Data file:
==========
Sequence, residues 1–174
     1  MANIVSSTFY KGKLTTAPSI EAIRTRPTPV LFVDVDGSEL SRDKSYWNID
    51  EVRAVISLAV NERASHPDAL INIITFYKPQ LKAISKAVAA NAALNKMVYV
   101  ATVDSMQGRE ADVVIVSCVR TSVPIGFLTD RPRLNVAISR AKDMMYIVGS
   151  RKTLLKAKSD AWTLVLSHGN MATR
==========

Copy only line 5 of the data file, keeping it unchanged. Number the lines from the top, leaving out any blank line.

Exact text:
   151  RKTLLKAKSD AWTLVLSHGN MATR